Open interest refers to the total number of outstanding contracts that have not been settled or offset by delivery. It can also be referred to as open contracts or open commitments. For each buyer of a futures contract there must be a seller. From the time the buyer or seller initiates the trade until the counterparty closes it, that contract is considered “open.” So, open interest is the total number of contracts that are held by market participants at the end of the trading day.
Volume and open interest provide important confirmation of the price action on a chart and ultimately the indication of an impending trend change. Technicians utilize a three prong approach to market analysis which includes a study of price, volume and open interest. Volume represents the total amount of trading activity or contracts that have changed hands in a given market for a single day. The greater the amount of trading activity, the higher the trading volume. The greater the volume, the more we expect the existing trend to continue rather than reverse. Whereas volume measures the intensity behind a price trend, open interest measures the flow of money into the futures contract. For each seller of a contract, there must be a buyer. Therefore, a seller and buyer combine to create only one contract. So, to determine the total open interest for any given market, we need to only know the totals from the buy side or the sell side, not the sum of both sides.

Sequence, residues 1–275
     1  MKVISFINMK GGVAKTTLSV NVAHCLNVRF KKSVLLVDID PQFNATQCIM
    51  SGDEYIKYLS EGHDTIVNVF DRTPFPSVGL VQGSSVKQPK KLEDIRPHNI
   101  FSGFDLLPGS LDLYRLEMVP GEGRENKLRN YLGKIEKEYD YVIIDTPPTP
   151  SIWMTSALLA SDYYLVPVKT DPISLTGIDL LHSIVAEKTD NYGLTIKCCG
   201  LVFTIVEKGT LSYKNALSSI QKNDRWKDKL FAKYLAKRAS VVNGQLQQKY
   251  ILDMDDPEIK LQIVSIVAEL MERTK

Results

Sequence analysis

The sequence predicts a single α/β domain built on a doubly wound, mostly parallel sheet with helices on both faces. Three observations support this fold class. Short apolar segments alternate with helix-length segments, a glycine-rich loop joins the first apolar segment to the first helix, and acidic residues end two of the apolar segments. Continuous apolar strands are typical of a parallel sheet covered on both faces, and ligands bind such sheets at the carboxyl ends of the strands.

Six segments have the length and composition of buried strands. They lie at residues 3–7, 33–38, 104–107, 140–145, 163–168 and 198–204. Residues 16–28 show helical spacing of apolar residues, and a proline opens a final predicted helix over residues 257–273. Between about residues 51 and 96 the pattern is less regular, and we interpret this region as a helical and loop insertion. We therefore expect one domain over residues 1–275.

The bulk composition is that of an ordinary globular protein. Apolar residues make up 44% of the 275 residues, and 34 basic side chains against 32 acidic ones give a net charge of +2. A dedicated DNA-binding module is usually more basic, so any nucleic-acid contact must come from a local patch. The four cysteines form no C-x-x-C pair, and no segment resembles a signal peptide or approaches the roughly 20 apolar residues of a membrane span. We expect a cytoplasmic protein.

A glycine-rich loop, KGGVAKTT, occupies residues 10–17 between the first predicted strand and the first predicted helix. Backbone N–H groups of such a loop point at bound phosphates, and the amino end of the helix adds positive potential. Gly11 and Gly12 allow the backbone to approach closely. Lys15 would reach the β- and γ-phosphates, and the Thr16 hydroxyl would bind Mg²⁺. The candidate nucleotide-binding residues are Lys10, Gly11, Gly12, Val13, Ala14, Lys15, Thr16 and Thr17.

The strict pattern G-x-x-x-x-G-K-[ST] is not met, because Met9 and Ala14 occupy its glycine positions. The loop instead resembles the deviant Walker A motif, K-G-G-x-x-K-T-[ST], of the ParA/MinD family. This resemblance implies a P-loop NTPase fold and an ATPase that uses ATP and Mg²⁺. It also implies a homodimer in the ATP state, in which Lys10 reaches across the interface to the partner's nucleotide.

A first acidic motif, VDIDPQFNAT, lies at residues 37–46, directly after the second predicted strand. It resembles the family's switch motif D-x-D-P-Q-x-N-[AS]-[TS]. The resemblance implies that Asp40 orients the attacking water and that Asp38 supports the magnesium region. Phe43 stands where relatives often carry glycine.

Increasing open interest means new money is flowing into the market. Declining open interest means the market is liquidating. This implies the prevailing price trend is coming to an end.